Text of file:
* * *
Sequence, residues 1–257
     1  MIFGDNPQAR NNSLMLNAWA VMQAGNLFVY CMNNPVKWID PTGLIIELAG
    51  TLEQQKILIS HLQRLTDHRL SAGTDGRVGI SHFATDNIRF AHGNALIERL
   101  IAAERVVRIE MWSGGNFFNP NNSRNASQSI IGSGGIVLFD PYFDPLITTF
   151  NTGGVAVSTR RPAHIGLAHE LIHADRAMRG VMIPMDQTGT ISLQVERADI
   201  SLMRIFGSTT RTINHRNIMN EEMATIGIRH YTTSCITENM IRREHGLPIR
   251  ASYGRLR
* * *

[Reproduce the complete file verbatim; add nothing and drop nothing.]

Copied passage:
Sequence, residues 1–257
     1  MIFGDNPQAR NNSLMLNAWA VMQAGNLFVY CMNNPVKWID PTGLIIELAG
    51  TLEQQKILIS HLQRLTDHRL SAGTDGRVGI SHFATDNIRF AHGNALIERL
   101  IAAERVVRIE MWSGGNFFNP NNSRNASQSI IGSGGIVLFD PYFDPLITTF
   151  NTGGVAVSTR RPAHIGLAHE LIHADRAMRG VMIPMDQTGT ISLQVERADI
   201  SLMRIFGSTT RTINHRNIMN EEMATIGIRH YTTSCITENM IRREHGLPIR
   251  ASYGRLR